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Preventing Falls and Associated Hip Fractures

It is estimated that one in three older adults falls each year. Because injuries from falls are the leading cause of death and disabilities among women and men aged 65 or older, the Centers for Disease Control and Prevention (CDC) has published a report that addresses the problem and offers suggestions on how to prevent falls and resulting hip fractures (approximately 95% of hip fractures are caused by falls).

According to Judy A. Stevens, PhD and Sarah Olson, M.S. of the CDC's National Center for Injury Prevention and Control's Division of Unintentional Injury Prevention who wrote a report on hip fractures and falls, approximately 340,000 hip fractures occur each year, and 50% of all older adults who are hospitalized for hip fractures are not able to return home or live independently after a hip fracture. Approximately 80% of patients hospitalized for hip fractures are women, and the hospitalization rate for female hip fractures has increased 40% from 1988 to 1996. This increase in the hospitalization rate for hip fractures is largely due to the fact that the elderly population has increased, in part because less older adults are dying from coronary heart disease, stroke, and cancer than in the past.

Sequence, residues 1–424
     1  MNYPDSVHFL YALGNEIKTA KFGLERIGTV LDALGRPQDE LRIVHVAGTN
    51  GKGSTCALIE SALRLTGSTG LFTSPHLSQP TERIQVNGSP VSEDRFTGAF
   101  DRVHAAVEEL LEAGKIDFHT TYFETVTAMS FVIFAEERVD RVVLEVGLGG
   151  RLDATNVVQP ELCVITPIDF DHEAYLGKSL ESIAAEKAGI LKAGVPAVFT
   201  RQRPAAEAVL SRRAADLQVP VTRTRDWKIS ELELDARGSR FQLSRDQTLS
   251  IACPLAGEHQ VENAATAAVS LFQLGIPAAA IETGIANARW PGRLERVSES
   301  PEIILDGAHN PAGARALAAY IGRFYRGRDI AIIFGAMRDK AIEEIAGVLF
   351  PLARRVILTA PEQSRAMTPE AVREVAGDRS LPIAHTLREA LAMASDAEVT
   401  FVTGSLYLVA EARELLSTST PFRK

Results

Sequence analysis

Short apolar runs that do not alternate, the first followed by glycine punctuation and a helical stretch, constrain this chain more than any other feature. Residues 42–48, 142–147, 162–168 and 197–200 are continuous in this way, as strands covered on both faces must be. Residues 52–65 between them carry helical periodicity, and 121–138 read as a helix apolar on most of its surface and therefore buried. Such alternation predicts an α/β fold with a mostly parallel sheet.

Risk factors for hip fractures include:

  • Increasing age
  • Osteoporosis (significant loss of bone mineral density)
  • Muscle weakness
  • Functional limitations
  • Environmental hazards
  • Use of pyschoactive medications
  • History of falls
  • Lack of physical activity
  • Low body mass index